3D X-ray is a term for Cone Beam Computed Tomography which is commonly abbreviated as either Cone-beam CT or CBCT. The scan that this specialised equipment creates provides a three dimensional image of the patient that is extremely helpful to provide an accurate diagnosis and to plan dental implant treatment using specialised software.
An implant abutment is used to attach the crown, bridge, or denture to the implant. Abutments can be made from a variety of material – Titanium, Zirconia, or other metals. Beware some practices do not include this in their pricing as it is essential.
A bone graft is used to recreate bone that has been lost. Some of the most common reasons for bone loss can include gum disease (gingivitis or periodontitis), loss of teeth and trauma.
A bridge is a restoration which replaces a missing tooth by joining to two adjacent teeth or implants, i.e. bridging the gap created by the missing tooth. When missing a tooth, a patient is often offered a single tooth implant or a three-unit bridge (three crowns supported by the two adjacent teeth).
Excessive grinding or clenching of teeth during the day or night.
Cone Beam CT or CBCT
See 3D X-ray at the top of the page.
A crown is a “cap” which is tooth shaped and is placed over a tooth or implant abutment to restore its size and appearance. Crowns can be made from a variety of material including metals, porcelain and resin.
A denture or false teeth is an artificial device made to replace missing teeth. Dentures can incorporate implants to help with retention and or support and are either removable by the patient or attached.
Dentures that incorporate implants to help with retention an or support and are either removable by the patient or fixed.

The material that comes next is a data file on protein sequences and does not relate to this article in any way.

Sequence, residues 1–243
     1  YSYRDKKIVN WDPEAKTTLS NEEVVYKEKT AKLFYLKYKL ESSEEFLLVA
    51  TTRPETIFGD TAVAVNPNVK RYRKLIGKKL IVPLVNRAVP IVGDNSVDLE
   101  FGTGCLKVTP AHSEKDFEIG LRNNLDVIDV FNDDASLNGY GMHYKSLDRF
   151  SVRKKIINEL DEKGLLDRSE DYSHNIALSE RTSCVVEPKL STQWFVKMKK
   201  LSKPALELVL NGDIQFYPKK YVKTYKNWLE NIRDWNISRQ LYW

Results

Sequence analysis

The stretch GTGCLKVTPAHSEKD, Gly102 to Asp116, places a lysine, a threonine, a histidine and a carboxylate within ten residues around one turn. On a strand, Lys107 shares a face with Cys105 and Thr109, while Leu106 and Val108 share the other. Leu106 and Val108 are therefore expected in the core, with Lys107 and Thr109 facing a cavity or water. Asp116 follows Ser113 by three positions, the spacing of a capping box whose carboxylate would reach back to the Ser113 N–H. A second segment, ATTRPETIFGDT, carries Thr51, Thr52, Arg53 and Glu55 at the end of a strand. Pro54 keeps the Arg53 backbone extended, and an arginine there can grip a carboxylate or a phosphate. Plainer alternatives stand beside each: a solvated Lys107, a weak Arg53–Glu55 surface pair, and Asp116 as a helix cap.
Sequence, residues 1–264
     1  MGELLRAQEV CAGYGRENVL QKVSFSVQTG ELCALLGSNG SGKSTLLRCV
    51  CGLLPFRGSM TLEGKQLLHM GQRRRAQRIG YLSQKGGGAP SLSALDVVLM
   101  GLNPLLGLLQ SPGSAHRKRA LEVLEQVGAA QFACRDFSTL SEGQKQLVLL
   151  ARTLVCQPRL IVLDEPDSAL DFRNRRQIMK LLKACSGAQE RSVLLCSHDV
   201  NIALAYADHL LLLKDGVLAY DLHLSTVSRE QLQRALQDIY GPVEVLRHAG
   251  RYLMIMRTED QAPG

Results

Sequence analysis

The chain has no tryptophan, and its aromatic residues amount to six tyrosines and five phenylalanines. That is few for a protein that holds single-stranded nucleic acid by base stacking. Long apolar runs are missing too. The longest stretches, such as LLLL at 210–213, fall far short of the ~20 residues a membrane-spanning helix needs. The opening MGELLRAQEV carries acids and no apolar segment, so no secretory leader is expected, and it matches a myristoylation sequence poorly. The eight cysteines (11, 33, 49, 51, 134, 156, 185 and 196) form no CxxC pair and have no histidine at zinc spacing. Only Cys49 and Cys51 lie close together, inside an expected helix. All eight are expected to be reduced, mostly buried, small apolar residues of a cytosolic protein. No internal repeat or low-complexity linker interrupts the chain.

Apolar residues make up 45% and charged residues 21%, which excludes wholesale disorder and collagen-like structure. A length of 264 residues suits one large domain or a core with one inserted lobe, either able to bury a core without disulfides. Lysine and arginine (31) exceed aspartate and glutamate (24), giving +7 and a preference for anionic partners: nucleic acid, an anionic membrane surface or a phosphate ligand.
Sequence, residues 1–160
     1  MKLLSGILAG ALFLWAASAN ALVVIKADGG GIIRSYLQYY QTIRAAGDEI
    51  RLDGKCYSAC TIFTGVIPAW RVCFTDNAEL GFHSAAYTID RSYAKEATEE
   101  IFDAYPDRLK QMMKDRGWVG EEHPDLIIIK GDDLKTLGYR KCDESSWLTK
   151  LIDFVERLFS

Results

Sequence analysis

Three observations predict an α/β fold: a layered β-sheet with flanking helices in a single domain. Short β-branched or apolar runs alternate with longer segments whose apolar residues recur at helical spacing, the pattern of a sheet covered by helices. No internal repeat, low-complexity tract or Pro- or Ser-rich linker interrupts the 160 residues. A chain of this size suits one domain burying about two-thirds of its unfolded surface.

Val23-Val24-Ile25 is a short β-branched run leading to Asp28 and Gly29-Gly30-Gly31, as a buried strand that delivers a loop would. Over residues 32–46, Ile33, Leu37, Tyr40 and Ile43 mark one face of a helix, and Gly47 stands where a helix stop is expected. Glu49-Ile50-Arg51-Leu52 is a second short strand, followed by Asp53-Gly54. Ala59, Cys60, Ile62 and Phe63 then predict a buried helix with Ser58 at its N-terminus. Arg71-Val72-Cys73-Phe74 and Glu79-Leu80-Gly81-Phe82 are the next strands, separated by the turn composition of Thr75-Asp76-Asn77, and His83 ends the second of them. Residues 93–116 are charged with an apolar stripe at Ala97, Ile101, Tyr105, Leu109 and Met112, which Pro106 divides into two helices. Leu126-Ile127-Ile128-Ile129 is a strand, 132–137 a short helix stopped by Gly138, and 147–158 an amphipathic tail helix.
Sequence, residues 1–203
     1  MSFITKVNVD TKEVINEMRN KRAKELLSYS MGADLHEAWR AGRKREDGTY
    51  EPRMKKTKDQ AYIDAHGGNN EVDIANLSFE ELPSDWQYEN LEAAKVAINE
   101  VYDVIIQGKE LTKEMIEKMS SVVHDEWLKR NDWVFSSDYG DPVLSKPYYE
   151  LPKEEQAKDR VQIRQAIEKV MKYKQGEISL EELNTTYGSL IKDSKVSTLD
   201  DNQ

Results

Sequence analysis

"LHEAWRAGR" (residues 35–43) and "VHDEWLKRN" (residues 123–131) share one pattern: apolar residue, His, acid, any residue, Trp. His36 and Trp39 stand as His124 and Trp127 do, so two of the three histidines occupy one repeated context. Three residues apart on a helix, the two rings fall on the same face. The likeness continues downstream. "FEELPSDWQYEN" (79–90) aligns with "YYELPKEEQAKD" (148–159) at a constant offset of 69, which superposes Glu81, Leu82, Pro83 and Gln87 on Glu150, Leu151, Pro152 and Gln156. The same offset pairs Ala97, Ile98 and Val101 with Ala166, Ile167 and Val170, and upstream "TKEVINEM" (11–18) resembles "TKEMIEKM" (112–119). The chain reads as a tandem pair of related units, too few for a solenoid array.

Having no teeth.
Your gums. Also referred to as the soft tissue.
Gag-free (Digital) dentistry
Specialised intra-oral scanning equipment providing digital impressions; therefore eliminating the need for physical impression material which some patients find uncomfortable. A scanning camera is used to build a digital 3D image of the inside of the mouth, and is much faster and more comfortable.
Gum Augmentation (Periodontal grafting)
Are procedures dentists use to improve the health of the gum tissue and or to recreate gum tissue that has been lost. Some of the most common reasons for loss of gum (recession) can include clenching and or grinding of teeth, poor oral hygiene, gum disease (periodontitis), loss of dexterity that prevents the patient from brushing effectively, and brushing too hard.
Sometimes referred to as a healing cap, this is placed on top of the implant to help the gums ie soft tissue heal in the correct shape after placement of the implant.
A dentist with a special interest in dental implants. The name infers a specialist qualification, but there is no official “speciality” of implantology in dentistry. Many dental schools now offer Postgraduate courses in implantology to MSc. or equivalent level, but the term technically means a special interest, rather than a qualification.
Inside the mouth.
The lower jaw.
The upper jaw.
Mini dental implants
Also referred to as temporary or transitional dental implants. These implants are much smaller than traditional endoseous dental implants. Mini implants are less than 3mm in diameter and have limited indications recommended uses. Typically, dentists do not use mini implants for final restorations but instead only use them for temporary dentures while the traditional dental implants are healing.